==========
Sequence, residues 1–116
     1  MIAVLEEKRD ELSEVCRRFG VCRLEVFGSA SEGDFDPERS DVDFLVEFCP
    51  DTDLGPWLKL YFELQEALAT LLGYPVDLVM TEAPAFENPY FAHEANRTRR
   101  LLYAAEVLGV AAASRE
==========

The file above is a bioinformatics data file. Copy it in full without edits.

Sequence, residues 1–116
     1  MIAVLEEKRD ELSEVCRRFG VCRLEVFGSA SEGDFDPERS DVDFLVEFCP
    51  DTDLGPWLKL YFELQEALAT LLGYPVDLVM TEAPAFENPY FAHEANRTRR
   101  LLYAAEVLGV AAASRE